03/31/15 Clean is community!
From flashlights to cell phones to hybrid cars, battery power has become an everyday essential for most Americans. Annually, more than three billion household batteries are sold in the United States, producing more than 125,000 tons of waste. Many batteries still contain toxic materials such as mercury and cadmium, which pose a threat to human health and the environment if not disposed of properly.
Here are some guidelines to help you identify and dispose of household batteries in Shoreline:
Alkaline, AA, AAA, C, D, 9v
Common Uses: Flashlights, toys, remotes, and portable electronic devices.
In response to environmental concerns, manufacturers have eliminated over 98% of the mercury previously used in batteries. Alkaline batteries are now considered a low environmental risk and may be disposed of in the garbage.
All household batteries may also be taken to the collection bins in the Shoreline City Hall lobby and recycled for free. *Please note, motor vehicle batteries are not accepted.
When batteries are recycled heavy metals are recovered and plastics can be reused. Household batteries are not allowed in your curbside recycling container.
Mercury, zinc, silver oxide
Common Uses: Watches, hearing aids, digital thermometers, calculators.
These small, round button shaped batteries contain hazardous materials and are not allowed in the garbage. You can bring them to the Aurora Household Hazardous Waste Collection Facility at 12550 Stone Ave N, Seattle 98133. For hours of operation and to hear when the Wastemobile will be in Shoreline, please call 206.296.4692. This is a free service for residents.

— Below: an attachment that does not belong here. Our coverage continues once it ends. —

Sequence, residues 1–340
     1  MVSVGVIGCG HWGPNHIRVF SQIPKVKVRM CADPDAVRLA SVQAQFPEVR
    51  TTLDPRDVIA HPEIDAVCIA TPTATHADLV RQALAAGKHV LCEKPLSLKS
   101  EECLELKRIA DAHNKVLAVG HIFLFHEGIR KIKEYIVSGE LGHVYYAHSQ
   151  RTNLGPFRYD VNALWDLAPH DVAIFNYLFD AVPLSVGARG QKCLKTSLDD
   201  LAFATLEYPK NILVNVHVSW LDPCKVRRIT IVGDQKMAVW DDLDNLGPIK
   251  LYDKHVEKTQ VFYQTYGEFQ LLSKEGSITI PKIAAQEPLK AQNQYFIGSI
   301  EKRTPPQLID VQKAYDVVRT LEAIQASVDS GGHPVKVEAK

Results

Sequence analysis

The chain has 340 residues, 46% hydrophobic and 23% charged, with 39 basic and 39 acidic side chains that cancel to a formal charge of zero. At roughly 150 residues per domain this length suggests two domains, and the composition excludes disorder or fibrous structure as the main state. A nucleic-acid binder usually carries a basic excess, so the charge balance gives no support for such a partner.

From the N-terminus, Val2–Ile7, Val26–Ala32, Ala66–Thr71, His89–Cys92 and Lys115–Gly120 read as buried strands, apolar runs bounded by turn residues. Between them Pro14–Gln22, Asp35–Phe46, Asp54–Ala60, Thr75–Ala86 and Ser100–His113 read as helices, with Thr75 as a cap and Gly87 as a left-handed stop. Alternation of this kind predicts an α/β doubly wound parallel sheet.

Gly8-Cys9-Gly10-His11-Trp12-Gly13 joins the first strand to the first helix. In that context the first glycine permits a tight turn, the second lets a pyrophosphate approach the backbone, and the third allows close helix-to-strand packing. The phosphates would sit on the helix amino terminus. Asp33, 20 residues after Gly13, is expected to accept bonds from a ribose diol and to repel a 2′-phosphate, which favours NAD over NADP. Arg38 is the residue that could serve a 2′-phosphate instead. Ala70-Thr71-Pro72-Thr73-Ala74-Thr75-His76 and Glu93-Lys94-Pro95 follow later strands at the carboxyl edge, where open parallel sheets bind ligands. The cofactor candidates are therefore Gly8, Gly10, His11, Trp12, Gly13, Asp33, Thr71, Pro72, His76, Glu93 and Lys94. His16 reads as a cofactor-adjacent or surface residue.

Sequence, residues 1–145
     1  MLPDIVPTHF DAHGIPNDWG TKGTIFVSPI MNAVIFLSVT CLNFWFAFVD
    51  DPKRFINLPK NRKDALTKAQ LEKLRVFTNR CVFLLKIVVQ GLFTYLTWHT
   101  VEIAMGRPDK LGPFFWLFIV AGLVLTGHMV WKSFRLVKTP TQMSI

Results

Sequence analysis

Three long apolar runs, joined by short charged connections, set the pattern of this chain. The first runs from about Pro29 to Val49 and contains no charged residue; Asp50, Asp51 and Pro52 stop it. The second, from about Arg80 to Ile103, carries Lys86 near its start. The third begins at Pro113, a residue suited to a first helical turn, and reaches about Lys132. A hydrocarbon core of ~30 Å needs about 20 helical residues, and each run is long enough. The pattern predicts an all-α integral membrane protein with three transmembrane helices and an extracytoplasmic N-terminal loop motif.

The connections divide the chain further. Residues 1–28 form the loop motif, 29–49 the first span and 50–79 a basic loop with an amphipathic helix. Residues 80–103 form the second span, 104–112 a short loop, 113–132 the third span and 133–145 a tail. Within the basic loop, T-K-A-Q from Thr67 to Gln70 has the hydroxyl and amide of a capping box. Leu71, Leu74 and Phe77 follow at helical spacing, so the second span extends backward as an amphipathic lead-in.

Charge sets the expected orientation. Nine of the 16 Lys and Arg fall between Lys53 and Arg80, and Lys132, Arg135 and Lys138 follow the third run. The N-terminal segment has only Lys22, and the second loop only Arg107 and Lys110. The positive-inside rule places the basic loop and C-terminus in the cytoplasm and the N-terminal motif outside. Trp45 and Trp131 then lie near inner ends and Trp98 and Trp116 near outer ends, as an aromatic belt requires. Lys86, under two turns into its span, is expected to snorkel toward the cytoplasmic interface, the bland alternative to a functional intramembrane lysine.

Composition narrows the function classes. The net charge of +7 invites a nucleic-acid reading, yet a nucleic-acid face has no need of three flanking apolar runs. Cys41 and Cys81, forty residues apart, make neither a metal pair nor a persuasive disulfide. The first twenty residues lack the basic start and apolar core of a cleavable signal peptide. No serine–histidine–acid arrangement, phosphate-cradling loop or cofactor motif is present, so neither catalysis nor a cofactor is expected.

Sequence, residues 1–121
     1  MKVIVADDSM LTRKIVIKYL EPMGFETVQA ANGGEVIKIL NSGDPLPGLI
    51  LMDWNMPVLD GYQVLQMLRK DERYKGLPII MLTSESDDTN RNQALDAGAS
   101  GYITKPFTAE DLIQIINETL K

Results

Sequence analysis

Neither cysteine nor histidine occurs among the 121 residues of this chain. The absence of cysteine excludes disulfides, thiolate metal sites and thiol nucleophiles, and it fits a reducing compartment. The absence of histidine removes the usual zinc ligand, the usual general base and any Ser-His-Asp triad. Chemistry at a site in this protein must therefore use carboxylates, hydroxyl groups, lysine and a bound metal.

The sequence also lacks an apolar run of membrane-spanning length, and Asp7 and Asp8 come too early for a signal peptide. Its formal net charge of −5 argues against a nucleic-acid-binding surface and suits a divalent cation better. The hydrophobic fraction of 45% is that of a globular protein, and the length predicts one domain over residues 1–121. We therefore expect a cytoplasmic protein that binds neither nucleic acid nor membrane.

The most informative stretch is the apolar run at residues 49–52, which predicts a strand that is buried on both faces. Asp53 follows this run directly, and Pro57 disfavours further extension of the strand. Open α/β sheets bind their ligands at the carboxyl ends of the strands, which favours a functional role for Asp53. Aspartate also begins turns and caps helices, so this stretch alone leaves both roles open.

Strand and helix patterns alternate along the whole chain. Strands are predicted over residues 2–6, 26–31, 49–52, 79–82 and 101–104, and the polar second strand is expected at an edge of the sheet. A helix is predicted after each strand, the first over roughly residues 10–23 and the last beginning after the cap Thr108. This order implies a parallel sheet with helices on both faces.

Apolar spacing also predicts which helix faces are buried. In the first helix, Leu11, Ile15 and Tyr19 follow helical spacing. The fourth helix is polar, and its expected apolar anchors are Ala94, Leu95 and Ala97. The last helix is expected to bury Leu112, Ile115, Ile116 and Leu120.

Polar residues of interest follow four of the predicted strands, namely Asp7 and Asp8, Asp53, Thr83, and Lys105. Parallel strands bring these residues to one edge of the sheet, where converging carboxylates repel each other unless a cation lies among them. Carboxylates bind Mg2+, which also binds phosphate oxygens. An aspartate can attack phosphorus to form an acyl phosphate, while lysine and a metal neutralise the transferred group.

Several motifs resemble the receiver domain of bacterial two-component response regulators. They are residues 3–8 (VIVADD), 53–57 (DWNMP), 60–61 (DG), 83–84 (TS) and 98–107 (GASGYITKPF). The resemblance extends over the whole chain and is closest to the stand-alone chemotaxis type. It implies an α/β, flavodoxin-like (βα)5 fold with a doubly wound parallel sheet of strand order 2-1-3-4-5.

Ask about recycling where you shop – your local jeweler, pharmacy or hearing aid retailer may accept batteries for recycling.
Nickel cadmium, nickel metal hydride, lithium ion
Common Uses: Cell phones, laptops, cordless tools, digital cameras, remote controlled toys
Take it Back Network recyclers accept rechargeable batteries as well as cell phones, laptop computers, and various other household electronics.
Wet-cell, lead & sulfuric acid
Car batteries contain hazardous waste and must be recycled.
According to the EPA, over 90% of lead-acid batteries are recycled. Most states require all motor vehicle battery retailers to accept spent batteries back for recycling. Thanks to these programs, typical lead-acid batteries contain 60% - 80% recycled material.
Your local HHW Facility will accept old car batteries, as do most auto parts stores. Visit King County’s What Do I Do With…? directory or call 206.296.4692 for a complete listing of recycling options.
Businesses, schools, and households can take advantage of convenient mail-in battery recycling programs. These programs allow you to collect batteries over time and send them in all at once. You can purchase recycling kits from businesses such as Battery Solutions and Big Green Box. Recycling kits typically include a collection box or pail and prepaid shipping.
Recently, concerns over safety risks associated with transporting spent batteries has resulted in more stringent government regulation. Safely ship your batteries by following all packing and shipping instructions.
Purchase batteries with fewer hazardous components, such as zinc-air batteries instead of mercury buttons.
Buy reusable batteries. After the initial investment in batteries and charger, rechargeable batteries will be much less expensive than repeatedly purchasing single-use batteries. The latest NiMH rechargeable batteries are charged and ready to use, right out of the package and hold their charge much longer than traditional rechargeable batteries.
ReSources: Earth911.com | Battery Solutions | Environmental Protection Agency Battery Stewardship Program | Universal Waste Environmental Fact Sheet | King County Battery Recycle Locator | Seattle Times EcoConsumer | Recoverable Resources/Boro Bronx 2000, Inc.